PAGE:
It was heaven for me and my point-and-shoot. Light was coming at the garden from every direction. And the evening was still, no breeze, which meant our friends' flowers could hold a pose long enough for my point-and-shoot to take its time getting them into focus.
Reactions varied widely to the recent news that Alex Malarkey, the young co-author of the bestselling book The Boy Who Came Back from Heaven, had in fact been trying to tell people for a long time that the best selling book about him was a fraud.
Only a few short weeks ago it would have seemed impossible that such a vividly told account could have been made up. Who else but someone who had actually seen heaven with his own eyes would have been able to describe it so elegantly as "white," "shiny" and "perfect?"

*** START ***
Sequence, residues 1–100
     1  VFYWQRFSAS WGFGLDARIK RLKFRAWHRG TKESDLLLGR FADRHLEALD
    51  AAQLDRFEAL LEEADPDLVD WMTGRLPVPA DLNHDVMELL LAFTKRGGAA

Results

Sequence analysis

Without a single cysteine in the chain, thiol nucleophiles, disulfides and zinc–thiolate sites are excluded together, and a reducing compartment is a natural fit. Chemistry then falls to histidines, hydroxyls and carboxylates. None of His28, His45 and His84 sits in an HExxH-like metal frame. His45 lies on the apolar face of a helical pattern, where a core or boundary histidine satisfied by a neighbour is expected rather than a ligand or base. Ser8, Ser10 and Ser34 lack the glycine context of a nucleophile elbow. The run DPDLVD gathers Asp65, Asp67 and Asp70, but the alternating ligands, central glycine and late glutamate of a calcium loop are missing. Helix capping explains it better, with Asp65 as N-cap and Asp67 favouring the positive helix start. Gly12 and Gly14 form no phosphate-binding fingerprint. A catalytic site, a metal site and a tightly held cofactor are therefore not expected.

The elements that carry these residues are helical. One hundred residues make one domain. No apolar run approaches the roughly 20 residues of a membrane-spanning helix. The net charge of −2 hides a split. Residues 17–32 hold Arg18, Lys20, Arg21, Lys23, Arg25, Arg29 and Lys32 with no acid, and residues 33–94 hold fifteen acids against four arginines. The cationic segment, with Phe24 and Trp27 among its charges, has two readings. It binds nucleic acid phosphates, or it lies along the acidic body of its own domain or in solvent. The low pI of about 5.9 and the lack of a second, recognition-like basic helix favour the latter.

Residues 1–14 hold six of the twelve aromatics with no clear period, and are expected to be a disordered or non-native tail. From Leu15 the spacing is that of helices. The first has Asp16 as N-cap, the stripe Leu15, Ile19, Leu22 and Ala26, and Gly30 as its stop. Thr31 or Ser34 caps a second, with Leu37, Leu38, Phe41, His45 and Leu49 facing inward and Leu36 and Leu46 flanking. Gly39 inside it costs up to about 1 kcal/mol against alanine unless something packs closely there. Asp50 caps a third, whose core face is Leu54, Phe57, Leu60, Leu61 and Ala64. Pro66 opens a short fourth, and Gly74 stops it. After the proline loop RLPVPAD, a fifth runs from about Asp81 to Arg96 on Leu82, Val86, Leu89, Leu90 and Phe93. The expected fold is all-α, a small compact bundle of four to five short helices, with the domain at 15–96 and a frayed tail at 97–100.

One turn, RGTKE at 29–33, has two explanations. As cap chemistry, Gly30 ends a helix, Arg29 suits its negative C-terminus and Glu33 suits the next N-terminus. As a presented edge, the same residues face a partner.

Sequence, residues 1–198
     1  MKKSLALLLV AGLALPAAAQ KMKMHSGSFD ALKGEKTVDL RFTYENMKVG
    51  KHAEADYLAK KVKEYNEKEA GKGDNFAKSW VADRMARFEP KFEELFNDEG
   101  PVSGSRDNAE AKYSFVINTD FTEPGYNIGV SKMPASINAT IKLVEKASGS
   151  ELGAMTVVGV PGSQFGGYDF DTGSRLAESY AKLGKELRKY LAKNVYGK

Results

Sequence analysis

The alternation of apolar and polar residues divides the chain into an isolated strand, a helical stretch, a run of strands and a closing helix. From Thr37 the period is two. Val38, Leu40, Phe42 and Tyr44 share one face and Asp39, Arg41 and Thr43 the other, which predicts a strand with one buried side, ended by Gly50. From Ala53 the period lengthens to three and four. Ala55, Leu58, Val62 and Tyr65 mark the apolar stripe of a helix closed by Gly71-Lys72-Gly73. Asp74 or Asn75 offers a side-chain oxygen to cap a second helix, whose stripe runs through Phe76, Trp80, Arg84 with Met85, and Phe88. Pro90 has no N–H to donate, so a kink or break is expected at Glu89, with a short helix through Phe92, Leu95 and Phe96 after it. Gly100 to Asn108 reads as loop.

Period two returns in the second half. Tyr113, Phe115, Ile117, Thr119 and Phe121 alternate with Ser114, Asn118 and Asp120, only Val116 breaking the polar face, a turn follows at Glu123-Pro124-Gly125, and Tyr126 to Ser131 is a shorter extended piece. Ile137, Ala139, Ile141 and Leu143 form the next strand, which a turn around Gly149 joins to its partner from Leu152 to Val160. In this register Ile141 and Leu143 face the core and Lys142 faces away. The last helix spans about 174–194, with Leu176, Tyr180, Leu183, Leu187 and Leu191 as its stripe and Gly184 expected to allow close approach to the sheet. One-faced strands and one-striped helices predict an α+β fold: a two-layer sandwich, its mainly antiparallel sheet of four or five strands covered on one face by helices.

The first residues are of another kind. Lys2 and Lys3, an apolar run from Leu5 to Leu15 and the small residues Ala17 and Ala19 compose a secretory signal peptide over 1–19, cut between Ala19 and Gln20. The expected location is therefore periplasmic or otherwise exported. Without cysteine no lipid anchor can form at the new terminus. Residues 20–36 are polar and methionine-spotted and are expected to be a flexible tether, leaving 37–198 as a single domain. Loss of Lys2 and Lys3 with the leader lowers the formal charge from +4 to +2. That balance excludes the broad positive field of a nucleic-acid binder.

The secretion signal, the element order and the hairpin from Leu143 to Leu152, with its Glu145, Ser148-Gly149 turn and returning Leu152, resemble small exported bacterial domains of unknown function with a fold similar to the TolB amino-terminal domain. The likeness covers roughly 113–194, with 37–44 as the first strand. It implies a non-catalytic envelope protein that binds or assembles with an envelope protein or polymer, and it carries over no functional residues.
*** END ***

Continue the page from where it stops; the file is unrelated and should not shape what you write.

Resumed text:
For six years we had a wonderful marriage. However, before he died, not only did he leave me traces along the way for his departure, he left me with a deed on how I was to live through the years without him.
As I was finishing my second dessert, Jesus rode up on a rainbow-colored horse and gazed down upon me. He looked like Kenny Loggins during his "Danger Zone" period, except with bluer eyes, and smiled the most compassionate smile I had ever seen.
I strongly suspect that all reports from heaven include a great deal that comes from this world. How that happens -- how culture, psychology, and physiology relate to mystical experience -- I have no idea. But there's no such thing as a report straight from heaven.
It'd be interesting to see what we'd read if we actually considered ourselves an endangered species. We'd have to give up the pretence and get with the program; we'd have to read only what we know (or believe) we'd love.